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Abu Dhabi, UAEThursday 18 April 2019

'The Walking Dead' star Ross Marquand on his secret life as Brad Pitt

When the star isn't dispatching zombies, you might find him lending his voice to some of Hollywood's biggest names

Ross Marquand's other talents include impressions. Victor Besa / The National
Ross Marquand's other talents include impressions. Victor Besa / The National

Ross Marquand may have only found fame relatively recently, since he landed the role of Aaron in The Walking Dead in 2015 but, as the star revealed to The National at Comic Con over the weekend, you may have already heard him filling in for some of your favourite actors in Hollywood blockbusters without even knowing it.

As well as his acting, Marquand is an accomplished impressionist, a fact that helped him survive during his lean years in Hollywood. “I was doing voice matching for many years before I got the role on The Walking Dead,” he explains.

“Essentially, when a big actor is too busy or unwilling to do dialogue for a film, or maybe they got recorded badly, or they need additional dialogue and the actor’s not available, they’ll call someone like me in and I do their voice as best I can. It’s really been a blessing during those thin years where I was not getting any proper work.”

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In fact, Marquand has provided the voices for some of Hollywood’s biggest stars, without ever being credited for it: “I’ve done John Malkovich a bunch of times. I’ve done Johnny Depp, Harrison Ford, Brad Pitt. I’ve done a lot of big people but I can’t say which films I’ve worked on because it’s a big Hollywood secret, but yeah, we’re talking about big films.”

With that bombshell out of the bag, it seems almost churlish to return to the subject of The Walking Dead, but since that’s a topic that Marquand is allowed to talk about, I ask him what he thinks it is about the zombie genre that is so constantly fascinating – The Walking Dead itself is now in its 10th season, and AMC CEO Josh Sapan suggested last year that the show could run for at least another 10 years, along with assorted spin-offs that are already in the pipeline.

“It’s strange. I’ve thought about it a lot. There’s something about this concept of the end of the world that is appealing to people all over the planet,” he says. “I think zombies are especially attractive because, unlike vampires or monsters, the possibility of a zombie outbreak is actually plausible. There could be an airborne virus that turns us all crazy.”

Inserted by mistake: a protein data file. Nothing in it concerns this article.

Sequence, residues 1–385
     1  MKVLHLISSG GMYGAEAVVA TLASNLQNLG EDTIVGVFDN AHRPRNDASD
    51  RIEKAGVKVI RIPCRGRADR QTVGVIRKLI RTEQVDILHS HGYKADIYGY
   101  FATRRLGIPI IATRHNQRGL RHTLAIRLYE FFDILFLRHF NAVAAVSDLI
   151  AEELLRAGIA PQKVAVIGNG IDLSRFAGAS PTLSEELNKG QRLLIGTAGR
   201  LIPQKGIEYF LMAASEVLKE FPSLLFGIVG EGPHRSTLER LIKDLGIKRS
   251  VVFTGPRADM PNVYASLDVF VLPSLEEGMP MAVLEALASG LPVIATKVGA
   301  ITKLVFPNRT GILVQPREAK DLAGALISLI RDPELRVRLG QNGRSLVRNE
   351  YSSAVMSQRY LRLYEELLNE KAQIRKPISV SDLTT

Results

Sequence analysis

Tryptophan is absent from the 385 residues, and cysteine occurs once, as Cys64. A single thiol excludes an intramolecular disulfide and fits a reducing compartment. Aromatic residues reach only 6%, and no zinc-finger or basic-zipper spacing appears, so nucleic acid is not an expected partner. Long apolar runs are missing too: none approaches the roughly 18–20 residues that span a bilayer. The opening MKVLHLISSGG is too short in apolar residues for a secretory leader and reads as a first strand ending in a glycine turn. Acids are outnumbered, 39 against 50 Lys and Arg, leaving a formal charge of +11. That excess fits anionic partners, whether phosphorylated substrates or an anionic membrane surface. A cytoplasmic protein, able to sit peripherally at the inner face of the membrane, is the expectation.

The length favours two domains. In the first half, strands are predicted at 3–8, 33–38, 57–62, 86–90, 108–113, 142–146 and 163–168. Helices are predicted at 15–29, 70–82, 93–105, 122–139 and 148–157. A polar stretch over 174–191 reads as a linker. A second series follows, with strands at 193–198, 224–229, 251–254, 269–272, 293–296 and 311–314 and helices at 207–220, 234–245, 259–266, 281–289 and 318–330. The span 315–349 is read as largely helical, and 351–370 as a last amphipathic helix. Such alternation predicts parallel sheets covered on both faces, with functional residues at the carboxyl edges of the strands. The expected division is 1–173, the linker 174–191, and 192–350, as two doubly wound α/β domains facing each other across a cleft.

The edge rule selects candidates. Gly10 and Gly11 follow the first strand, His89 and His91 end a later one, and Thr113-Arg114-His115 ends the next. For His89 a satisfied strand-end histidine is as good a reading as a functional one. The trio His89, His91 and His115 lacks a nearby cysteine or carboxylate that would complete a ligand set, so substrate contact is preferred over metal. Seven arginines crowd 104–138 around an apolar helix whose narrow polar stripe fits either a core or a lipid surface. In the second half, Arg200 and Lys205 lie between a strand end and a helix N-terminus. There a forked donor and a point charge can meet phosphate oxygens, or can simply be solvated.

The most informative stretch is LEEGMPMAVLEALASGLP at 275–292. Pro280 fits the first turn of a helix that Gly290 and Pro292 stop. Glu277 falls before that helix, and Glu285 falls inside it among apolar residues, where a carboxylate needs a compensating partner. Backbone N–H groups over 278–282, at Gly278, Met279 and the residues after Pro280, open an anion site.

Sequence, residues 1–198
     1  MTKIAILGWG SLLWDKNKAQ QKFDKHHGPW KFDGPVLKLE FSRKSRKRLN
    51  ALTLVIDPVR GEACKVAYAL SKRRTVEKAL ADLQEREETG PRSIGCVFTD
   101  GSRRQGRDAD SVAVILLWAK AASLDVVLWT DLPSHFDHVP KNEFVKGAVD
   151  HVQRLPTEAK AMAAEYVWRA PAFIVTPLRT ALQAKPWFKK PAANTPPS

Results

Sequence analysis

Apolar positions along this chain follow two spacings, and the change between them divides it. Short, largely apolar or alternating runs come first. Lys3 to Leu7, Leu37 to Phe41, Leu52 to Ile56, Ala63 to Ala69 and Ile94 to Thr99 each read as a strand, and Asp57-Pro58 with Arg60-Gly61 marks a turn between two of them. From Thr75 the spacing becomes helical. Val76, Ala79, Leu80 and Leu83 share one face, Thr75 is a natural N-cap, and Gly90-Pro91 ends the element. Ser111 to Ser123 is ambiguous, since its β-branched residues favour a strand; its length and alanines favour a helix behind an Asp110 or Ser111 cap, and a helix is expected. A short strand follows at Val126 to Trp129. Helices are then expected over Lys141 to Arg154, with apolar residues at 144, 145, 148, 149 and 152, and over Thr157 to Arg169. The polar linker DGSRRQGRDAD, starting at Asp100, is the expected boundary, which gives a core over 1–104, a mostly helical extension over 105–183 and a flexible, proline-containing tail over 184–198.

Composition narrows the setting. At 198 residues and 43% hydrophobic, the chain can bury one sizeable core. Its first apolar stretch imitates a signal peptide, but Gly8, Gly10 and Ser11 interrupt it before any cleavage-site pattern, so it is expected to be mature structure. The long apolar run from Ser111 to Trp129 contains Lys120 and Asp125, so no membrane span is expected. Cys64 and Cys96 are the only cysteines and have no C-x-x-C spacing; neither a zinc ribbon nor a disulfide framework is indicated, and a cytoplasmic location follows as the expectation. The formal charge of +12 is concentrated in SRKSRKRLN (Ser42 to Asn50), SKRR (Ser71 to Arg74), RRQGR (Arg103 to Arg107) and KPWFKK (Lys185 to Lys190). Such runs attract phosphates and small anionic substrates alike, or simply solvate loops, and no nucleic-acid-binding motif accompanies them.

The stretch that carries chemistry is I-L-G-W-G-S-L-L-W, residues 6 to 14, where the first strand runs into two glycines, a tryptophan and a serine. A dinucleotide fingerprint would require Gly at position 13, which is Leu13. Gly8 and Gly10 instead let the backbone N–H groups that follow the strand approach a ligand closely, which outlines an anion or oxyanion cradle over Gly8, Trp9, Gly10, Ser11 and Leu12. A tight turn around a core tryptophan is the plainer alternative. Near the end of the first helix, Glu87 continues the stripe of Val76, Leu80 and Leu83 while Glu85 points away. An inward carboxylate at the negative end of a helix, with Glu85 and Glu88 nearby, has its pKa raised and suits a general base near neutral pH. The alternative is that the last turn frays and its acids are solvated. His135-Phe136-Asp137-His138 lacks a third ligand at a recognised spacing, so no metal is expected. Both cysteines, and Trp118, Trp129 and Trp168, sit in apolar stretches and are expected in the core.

'The Walking Dead' star Ross Marquand at the Middle East Film and Comic Con. Chris Whiteoak / The National
'The Walking Dead' star Ross Marquand at the Middle East Film and Comic Con. Chris Whiteoak / The National

Marquand cites the outbreak of cannibalism in Florida in 2012 as an example. In that instance, a street drug known as “bath salts” was thought to be linked to a string of cases which saw people seemingly going crazy and attempting to eat other human beings. “Cannibalism is a real thing all over the world. There’s real historical and empirical evidence that shows cannibalism and zombieism has existed throughout the centuries. There are deep historical roots based on fact.”

The fact that Marquand has given so much thought to the issue suggests he’s a huge fan of the genre, a suggestion that the actor is happy to confirm. “I was always a huge fan of the zombie genre,” he affirms. “I’m quite a purist, like [Walking Dead producer] Greg Nicotero. He started out as a producer for George A Romero, and he’s really done a fantastic job of paying homage to that traditional slow-moving zombie, but also that constant slow threat.”

Although Marquand classes himself as a zombie purist, he’s not entirely averse to some of the more recent interpretations of the zombie: “I love the zombies on 28 Days Later, but that’s a completely different kind of zombie. I just love zombie culture all round,” he says. “It’s a really fantastical way of telling a story and making commentary on society without being too blatant. Look at Shaun of the Dead. It’s a great zombie film, but it’s also making a comment on the dullness and dreariness of suburban life. Horror movies usually have some sort of social commentary to make, too, and I think The Walking Dead does a really good job of that.”

After six seasons in the grisly, grim and often brutal world of The Walking Dead, Marquand admits that he’s always pleased to get an opportunity to lighten the mood, such as through his occasional voice work on Family Guy and American Dad. I ask the actor if his constant exposure to the zombie apocalypse ever affects him psychologically. Does he ever find his heart pumping at the occasional thing that goes bump in the night?

“Totally. And what’s even worse, I live in a cabin in the woods in the middle of nowhere. There’s always animal noises and branches falling on the house and I’m always freaking out. I keep an axe by the door. You never know when a zombie outbreak might happen.”

Marquand is clearly prepared for the worst, and he has also given plenty of thought to his preferred weapon in the event of the zombie apocalypse – though it isn’t his axe.

“Most people say an assault rifle but I think that’s silly because of course you’re going to run out of bullets,” he explains. “For me, the best weapon would be a crow bar because it’s a great method of dispatching zombies in the head, but it’s also great for opening doors. It’s a dual-usage weapon. That would be the one for me.”

Updated: April 13, 2019 08:36 AM

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